Road Safety Expert, Nana Annoh-Amihere, has described as lackluster the attitude of the current administration and previous governments for failing to tackle road accidents in the country.
He blames the lack of commitment by the government to ensuring a robust road safety framework to check the rising fatal road accidents on Ghana’s roads.
Nana Annoh-Amihere believes if donor countries were providing funds to tackle the menace, like they do for HIV/AIDs and other health problems, the Presidency, for instance, would have hurriedly established a special agency to supervise it.
However, because there is no money to be made from ensuring the safety of road users authorities look on unconcerned.
“How many people are dying out of HIV? I don’t think we have 500 Ghanaians dying every year out of HIV yet they will look away seeing thousands of people being maimed on our roads because of unsafe behaviour [of drivers] and unsafe road conditions,” Mr. Annoh-Amihere laments.
He was speaking Monday on Multi TV’s news analysis programme, PM Express.
National Road Safety Commission statistics show that some 1,034 people died from 6,205 road crashes from January to June this year.
Also, 5,302 people were injured from road accidents within the same period. These statistics represent a rise of 11.34% on 2015 figures.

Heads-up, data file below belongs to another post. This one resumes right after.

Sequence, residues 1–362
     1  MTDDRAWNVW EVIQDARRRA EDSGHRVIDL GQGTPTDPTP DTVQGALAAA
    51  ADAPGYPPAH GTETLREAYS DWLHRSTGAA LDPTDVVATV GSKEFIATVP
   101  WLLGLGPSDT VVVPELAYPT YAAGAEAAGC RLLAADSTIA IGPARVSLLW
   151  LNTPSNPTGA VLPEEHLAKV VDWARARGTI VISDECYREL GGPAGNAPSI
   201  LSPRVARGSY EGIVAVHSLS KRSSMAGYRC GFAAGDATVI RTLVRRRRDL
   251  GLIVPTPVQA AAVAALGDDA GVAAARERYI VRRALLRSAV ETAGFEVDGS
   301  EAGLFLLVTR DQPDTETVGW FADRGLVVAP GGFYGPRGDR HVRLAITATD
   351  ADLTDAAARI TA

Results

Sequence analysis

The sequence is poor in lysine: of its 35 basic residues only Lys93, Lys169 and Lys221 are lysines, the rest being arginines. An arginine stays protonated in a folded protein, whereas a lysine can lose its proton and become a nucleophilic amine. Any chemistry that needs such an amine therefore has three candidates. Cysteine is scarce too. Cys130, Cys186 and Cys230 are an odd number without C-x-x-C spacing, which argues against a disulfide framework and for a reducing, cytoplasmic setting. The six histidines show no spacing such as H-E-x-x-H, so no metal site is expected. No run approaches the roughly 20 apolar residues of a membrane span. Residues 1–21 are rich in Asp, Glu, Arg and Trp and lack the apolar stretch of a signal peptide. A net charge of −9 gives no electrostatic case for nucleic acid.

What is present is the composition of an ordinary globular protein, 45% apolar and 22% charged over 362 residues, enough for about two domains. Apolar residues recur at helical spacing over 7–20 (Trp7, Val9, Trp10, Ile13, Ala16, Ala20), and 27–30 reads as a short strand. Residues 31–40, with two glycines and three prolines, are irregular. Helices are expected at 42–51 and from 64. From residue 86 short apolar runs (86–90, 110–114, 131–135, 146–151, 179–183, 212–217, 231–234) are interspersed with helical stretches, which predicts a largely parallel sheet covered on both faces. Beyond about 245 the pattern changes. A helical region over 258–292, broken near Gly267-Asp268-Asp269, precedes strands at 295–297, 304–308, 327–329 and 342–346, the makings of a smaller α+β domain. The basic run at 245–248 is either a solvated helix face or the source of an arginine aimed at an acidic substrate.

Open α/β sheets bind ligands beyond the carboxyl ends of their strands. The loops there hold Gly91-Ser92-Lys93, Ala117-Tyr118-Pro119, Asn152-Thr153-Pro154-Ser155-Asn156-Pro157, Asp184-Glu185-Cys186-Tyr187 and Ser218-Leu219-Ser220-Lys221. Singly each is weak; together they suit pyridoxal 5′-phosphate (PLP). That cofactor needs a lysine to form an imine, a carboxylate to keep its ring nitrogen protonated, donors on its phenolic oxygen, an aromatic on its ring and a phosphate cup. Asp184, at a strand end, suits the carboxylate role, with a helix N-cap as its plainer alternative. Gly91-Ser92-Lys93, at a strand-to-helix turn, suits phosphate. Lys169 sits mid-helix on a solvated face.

The Greater Accra Region recorded the highest number of deaths from road crashes in the first half of 2016 with 227, with Brong Ahafo recording 179; Eastern, 146, and Ashanti, 127.
Commenting on the stark figures on PM Express, Nana Annoh-Amihere said it is an indictment on any President to govern a country that records such avoidable road carnage figures.
“Five or six months ago we nearly lost [President John Mahama’s] brother. That would have been big news if the President had lost his brother on the road.
“That one I think it will shake some people to think. But because innocent people are being killed it doesn’t shake anybody,” he lamented.
The road safety advocate wants the system to work, suggesting that public officials – such as Municipal and Metropolitan Chief Executives – who abuse the use of the siren in order to beat traffic be arrested and jailed.